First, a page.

Middlebury's Treeline Terrains Marries Art and Tech to Craft 3D Landscapes | Business | Seven Days | Vermont's Independent Voice

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Middlebury's Treeline Terrains Marries Art and Tech to Craft 3D Landscapes


Published December 1, 2021 at 10:00 a.m.

Nathaniel Klein (left) and Jacob Freedman - CALEB KENNA
  • Caleb Kenna
  • Nathaniel Klein (left) and Jacob Freedman

Thin blue lines wind across the slab of hardwood, clearly suggesting the curving shores of a lake. Rising from the shoreline, detailed carvings capture the peaks and valleys of the Adirondack Mountains.

This intricate model of Lake Champlain and its surroundings is the work of Treeline Terrains, a budding company founded by recent Middlebury College graduates Jacob Freedman, Nathaniel Klein and Alex Gemme.

Treeline's work stands at the intersection of technology and art: The business partners create 3D wooden sculptures of beloved landscapes with the help of computer code, shiny machinery and human hands. Already, Freedman estimates, the 9-month-old business has sold more than 150 models, ranging from $14 key chains to a $3,500 sculpture of the Middlebury Snow Bowl.

Their models have found other local showcases, as well. The Middlebury Area Land Trust awarded the company a grant to model the Battell Trail on Mount Abraham and has commissioned a model of the town of Middlebury. The Vermont Outdoor Business Alliance commissioned Treeline to craft Camel's Hump in wood to honor U.S. Sen. Patrick Leahy (D-Vt.) with its inaugural Trailblazer Award. 

Treeline has found enough success since its founding in March — in the basement of Klein's grandparents' home — to warrant moving to a rented workshop in Middlebury. The business has become a full-time job for all three men, and Freedman said they're proud that much of their profit goes right back into growing their sales.

Nathaniel Klein running a CNC machine - CALEB KENNA
  • Caleb Kenna
  • Nathaniel Klein running a CNC machine

Treeline's intricate models begin as lines of raw computer code, collected from state and national geo-mapping sites. Freedman developed ways to shape the code to Treeline's needs, transforming raw data into 3D topographic models. The code is fed into a computer numerical control machine, or CNC. Guided by the coded instructions, the CNC spends hours carving each detail into pieced-together slabs of wood chosen to evoke the unique topography of a mountain or national park. Mind-bogglingly intricate, even a small model requires hundreds of thousands of lines of code.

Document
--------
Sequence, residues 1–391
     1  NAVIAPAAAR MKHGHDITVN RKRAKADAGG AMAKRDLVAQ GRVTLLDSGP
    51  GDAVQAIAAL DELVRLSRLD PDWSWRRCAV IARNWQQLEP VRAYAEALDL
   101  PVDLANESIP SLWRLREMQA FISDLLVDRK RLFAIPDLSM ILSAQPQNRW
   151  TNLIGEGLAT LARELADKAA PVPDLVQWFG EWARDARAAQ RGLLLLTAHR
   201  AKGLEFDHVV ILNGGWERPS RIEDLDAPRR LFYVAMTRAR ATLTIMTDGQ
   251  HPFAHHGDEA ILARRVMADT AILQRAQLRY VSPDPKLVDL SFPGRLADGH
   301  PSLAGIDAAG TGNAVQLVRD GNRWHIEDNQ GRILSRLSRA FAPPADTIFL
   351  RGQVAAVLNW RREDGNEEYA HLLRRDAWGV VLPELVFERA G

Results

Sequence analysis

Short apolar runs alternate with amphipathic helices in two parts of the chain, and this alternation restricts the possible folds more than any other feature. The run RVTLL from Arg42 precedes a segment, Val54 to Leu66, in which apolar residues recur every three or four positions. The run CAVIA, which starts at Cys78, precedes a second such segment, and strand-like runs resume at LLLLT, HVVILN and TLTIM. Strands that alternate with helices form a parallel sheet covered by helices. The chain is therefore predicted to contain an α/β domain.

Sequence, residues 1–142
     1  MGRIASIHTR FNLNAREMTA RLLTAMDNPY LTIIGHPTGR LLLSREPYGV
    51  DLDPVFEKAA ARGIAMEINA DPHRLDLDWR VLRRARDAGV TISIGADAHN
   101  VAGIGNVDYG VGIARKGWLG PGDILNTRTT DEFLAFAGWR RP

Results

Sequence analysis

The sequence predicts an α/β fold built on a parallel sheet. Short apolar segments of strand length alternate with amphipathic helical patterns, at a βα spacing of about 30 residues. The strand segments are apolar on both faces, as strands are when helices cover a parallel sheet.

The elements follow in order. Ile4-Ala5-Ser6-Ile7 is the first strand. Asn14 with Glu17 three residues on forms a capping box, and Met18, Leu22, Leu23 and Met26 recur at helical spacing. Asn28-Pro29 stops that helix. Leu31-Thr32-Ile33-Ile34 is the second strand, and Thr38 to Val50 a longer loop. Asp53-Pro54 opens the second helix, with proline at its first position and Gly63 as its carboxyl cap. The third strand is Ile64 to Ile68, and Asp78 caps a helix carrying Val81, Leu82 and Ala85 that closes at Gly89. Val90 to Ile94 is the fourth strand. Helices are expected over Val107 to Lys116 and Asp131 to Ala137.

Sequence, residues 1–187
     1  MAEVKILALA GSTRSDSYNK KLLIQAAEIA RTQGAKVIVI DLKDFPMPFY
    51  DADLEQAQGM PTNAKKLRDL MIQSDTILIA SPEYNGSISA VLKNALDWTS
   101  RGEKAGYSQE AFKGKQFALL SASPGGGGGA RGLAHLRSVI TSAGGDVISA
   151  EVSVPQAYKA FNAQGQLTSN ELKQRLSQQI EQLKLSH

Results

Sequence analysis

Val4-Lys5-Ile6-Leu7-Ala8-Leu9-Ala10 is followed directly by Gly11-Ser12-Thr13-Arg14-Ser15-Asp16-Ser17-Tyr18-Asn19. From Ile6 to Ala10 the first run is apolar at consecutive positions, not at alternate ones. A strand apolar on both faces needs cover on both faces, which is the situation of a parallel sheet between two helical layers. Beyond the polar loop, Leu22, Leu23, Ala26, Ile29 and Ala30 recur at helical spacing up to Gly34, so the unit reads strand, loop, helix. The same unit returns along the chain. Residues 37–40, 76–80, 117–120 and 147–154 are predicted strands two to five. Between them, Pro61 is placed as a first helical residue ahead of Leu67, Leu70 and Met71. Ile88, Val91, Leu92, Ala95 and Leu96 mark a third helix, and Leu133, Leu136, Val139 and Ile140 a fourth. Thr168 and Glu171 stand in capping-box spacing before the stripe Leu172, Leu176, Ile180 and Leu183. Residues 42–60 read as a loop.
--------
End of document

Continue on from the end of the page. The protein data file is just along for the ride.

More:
Companies such as Tesla employ larger, $80,000 CNC machines on their manufacturing lines. But the works that Treeline produces with its machine are finished by hand. After carving is complete in their Middlebury workshop, the men return to their shared apartment and second work space. Klein sands each piece by hand, then treats them with linseed oil to add sheen. As a result, the right chunk of cherry wood can become a national park; a slab of maple and epoxy can capture New Hampshire's Lake Winnipesaukee. 

The friends' idea for the company began as a thank-you to a supervisor, Daphne Diego, at the Snow Bowl. As sophomores, Freedman, Klein and Gemme worked as instructors at the mountain and realized that not every student could afford to enjoy the ski area. With Diego's support, they created a fund to provide free ski lessons to students on financial aid. Then they looked for a way to thank Diego for her help in developing the fund.

The answer came from their different skills and shared love of skiing. Gemme, a biochemistry major, had been experimenting with a CNC machine in the college's Makerspace, available for free to students. Interested in using his new skills, he discussed the possibilities for the machine with Freedman, a geography and environmental studies major, and Klein, a chemistry major with a passion for woodworking.